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Building and renovation

Backflow protection

When it comes to Canberra's water network, all drinking and recycled water connections must have backflow containment protection. This reduces the backflow hazard your property might pose to our supply.

Property owners are responsible for ensuring the correct backflow prevention device has been installed on their water service. As such, each property’s backflow prevention requirements need to be assessed by a licensed plumber or hydraulic consultant.

What is backflow?What is backflow containment protection?
How can backflow occur?Who can assess, install and test for backflow prevention?


We provide a backflow prevention device for 20 and 25mm water meters in the form of integrated non-testable dual check valves. While these integrated check valves provide adequate low-risk backflow protection, they may not necessarily meet the minimum backflow requirements for every type of property. For example, this backflow protection is insufficient for industrial and commercial operations or residential properties that make use of medium or high-risk appliances/activities.

Meters larger than 25mm do not include backflow prevention devices. For these meters/services an appropriately licensed plumber is required to assess and apply the correct backflow preventative measures appropriate to the property’s hazard ratings. Some backflow-prevention devices are testable and must be checked regularly by a licenced person endorsed for backflow testing.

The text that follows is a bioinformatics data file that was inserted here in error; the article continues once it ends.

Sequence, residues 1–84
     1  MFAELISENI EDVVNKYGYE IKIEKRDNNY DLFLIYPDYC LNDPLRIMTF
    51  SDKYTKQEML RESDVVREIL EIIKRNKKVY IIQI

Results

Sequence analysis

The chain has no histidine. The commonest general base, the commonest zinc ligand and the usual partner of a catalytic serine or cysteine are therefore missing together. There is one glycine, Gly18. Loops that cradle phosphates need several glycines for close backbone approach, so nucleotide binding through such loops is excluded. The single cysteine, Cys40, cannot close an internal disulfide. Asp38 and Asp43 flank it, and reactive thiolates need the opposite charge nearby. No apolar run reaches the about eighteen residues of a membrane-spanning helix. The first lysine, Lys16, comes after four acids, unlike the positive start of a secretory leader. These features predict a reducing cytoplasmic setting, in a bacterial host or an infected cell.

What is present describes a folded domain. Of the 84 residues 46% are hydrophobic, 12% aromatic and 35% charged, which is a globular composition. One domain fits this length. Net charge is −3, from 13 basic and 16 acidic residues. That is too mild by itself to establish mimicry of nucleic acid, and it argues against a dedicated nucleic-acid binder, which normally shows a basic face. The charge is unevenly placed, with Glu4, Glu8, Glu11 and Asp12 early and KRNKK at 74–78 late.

Testing backflow-prevention devices
All testable backflow devices must be registered with Access Canberra at the time of installation. This is so they can be tracked and managed.

Testable backflow-prevention devices are those that include features to allow testing in-situ, i.e. without the need to remove the device. Backflow-prevention devices must be installed by an appropriately qualified licensed plumber and tested every 12 months (in line with AS/NZS 3500 and AS/NZS 2845.3:2020). 

What is backflow? 
The unintended reversal of water flow from a potentially contaminated source into a drinking water supply, such as the water supply network, is termed backflow. Safety impacts can range from a minor nuisance to endangered health or even death. 

What is backflow-containment protection?
A backflow-prevention device installed downstream of the water meter, but before any branches or connections, is a backflow-containment device. It is designed to stop water from flowing back into the water supply network.

How can backflow occur? 
Backflow may occur when the pressure in a main is lower than the pressure within a customer’s property. While our systems are designed to avoid pressure differentials, there is still a risk they may occur. This unintended variance is caused by any events that move water from the consumer pipework into the water main, such as:

  • Back siphonage - a sudden drop in water main pressure caused by pipe failure.
  • High demand – high usage due to fire-flow extraction or a bushfire emergency.
  • Back pressure – higher pressure in the customer plumbing (which may incorporate pumps) that forces the flow of water in reverse.  

Who can assess, install and test for backflow prevention?
Only licensed plumbers with backflow-prevention accreditation (issued by a registered training organisation) can assess your properties backflow requirements and install, commission or test backflow devices.

Our organisation takes water quality management very seriously. We partner with the Water Services Association of Australia (WSAA) and Access Canberra to ensure we are up to date on a range of topics, including backflow prevention and cross contamination.